>Quite a lot of the other wheelchair users who live locally to me I know, at least to say hello to if nothing more. I keep seeing this guy around in a chair who I don’t know but his chair catches my eye as it’s covered in stickers and its red and it has an unusual control (or at least I’ve not seen it before).
Today we were both on the train to Reading so I got a chance to chat to him and his carer. Mostly me and his carer doing the talking, you know what it’s like when two women with a common subject (disability/carers) get together.
B, his carer, really impressed me with her insight into the carer role as my experience has been a lot of carers don’t see the bigger picture of it. One of the comments that was really refreshing was about how carers can end up taking away a level of independence from their clients because of the tendency to go “I’ll do it, it’s quicker” and also to just take over. The other side of that, of course, is that people who have carers can sometimes find it easy to go “the carer’s here they can do that.” I’ve not met many carers who are good at stepping back and waiting like that (of course whether she actually is good at that I don’t know, but…)
I was also impressed that she didn’t tell me all the personal details of the guy she was with (she introduced herself and him and basically other than following up things he said – innocuous things – said nothing about him) because I’ve had so many carers who have gone “you wouldn’t believe the person I was just with…. and at least one time I had a carer who stood there and slagged off how much she hated her next client to which I went “you shouldn’t tell me that it’s meant to be confidential” and when she went “but you don’t know who I’m talking about.” I was able to go “oh your next client isn’t [her next client’s full name] then? because it was a friend of mine.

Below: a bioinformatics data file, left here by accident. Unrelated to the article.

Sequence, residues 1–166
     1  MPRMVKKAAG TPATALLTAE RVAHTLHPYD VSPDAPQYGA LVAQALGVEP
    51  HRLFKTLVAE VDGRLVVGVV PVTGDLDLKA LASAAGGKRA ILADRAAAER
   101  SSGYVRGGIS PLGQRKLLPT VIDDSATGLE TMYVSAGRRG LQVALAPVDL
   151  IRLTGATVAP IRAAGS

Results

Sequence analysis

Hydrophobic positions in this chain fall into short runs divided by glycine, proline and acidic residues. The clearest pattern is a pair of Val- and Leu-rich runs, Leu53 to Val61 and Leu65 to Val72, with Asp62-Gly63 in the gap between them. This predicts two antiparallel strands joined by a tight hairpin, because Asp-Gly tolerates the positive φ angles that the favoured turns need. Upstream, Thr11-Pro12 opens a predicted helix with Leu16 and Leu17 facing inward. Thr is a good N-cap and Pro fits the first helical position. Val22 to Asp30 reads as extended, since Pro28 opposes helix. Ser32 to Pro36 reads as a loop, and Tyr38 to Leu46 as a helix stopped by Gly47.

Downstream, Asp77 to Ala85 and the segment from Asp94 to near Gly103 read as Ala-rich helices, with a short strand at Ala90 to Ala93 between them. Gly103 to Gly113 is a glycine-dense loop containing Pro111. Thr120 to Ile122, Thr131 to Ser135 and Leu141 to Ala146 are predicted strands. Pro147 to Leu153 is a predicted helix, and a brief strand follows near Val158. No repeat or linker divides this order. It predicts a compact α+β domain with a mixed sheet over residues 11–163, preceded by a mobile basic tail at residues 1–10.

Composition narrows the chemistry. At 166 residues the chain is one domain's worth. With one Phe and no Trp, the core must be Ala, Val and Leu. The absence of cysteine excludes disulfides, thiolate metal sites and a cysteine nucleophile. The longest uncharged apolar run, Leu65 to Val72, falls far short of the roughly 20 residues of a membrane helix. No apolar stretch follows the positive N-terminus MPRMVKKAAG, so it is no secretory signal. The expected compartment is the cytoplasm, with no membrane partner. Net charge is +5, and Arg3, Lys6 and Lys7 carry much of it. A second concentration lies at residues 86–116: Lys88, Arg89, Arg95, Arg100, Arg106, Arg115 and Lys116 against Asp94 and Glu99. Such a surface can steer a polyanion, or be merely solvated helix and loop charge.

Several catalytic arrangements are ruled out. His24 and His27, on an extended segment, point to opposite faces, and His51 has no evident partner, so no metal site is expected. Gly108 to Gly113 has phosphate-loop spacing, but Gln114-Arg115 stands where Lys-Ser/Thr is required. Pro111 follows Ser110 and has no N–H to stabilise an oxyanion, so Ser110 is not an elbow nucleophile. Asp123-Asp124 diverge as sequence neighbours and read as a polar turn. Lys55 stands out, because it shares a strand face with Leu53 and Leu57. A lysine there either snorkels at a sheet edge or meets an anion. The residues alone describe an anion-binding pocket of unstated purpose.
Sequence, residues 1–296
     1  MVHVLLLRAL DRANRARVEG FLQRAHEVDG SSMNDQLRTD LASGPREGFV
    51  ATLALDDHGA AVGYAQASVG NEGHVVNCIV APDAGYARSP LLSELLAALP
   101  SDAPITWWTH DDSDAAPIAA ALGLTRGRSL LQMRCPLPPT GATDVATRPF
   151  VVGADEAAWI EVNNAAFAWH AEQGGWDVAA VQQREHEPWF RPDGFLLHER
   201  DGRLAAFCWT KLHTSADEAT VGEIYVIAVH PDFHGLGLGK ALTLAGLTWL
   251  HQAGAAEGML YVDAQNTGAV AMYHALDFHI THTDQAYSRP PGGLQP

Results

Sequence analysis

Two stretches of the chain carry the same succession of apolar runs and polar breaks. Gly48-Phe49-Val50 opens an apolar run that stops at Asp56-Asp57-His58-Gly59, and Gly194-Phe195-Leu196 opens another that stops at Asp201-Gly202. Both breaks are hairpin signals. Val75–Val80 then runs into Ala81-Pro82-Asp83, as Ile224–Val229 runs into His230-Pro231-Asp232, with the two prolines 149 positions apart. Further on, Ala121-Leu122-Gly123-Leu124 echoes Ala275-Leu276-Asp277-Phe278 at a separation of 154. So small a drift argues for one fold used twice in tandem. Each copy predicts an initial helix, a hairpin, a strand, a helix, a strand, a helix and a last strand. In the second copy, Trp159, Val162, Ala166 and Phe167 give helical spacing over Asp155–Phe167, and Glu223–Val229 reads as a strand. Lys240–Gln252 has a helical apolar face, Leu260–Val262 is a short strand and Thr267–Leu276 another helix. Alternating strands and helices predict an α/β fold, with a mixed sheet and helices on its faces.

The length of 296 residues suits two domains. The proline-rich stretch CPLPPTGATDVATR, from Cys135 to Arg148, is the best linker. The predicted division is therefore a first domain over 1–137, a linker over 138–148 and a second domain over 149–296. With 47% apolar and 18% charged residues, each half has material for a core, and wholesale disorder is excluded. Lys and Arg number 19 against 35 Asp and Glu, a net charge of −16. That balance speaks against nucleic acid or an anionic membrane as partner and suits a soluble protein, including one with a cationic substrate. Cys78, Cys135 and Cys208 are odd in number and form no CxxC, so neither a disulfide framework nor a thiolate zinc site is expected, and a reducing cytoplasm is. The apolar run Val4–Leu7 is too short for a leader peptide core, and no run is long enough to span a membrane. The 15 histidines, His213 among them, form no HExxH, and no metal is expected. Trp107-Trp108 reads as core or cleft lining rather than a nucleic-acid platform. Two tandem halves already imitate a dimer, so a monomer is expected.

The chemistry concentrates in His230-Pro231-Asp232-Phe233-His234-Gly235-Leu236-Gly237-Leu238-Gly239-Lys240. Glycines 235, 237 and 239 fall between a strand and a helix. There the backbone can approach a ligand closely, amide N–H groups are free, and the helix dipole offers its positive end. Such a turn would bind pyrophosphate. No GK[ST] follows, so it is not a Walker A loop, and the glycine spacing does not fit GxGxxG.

B was asking me about if I live alone and do I work and was I travelling by myself and she kept saying “Wow!” which actually was quite interesting for me as I tend sometimes to think I’m not doing so great with the CP and doing stuff. But she kept saying “you don’t let the wheelchair stop you then” which made me realise how much that’s true – I’ve always known it’s true but when I’m surrounded by able-bodied people doing so much more and also a few friends with disabilities whose limits are different to mine it’s easy for those sort of home truths to get lost in the wash so to speak.
That’s twice lately people have shown that they view my life in a different way to I do – a more positive way – and helped me to get a new perspective on things. I do find it very interesting getting these kind of wake up calls.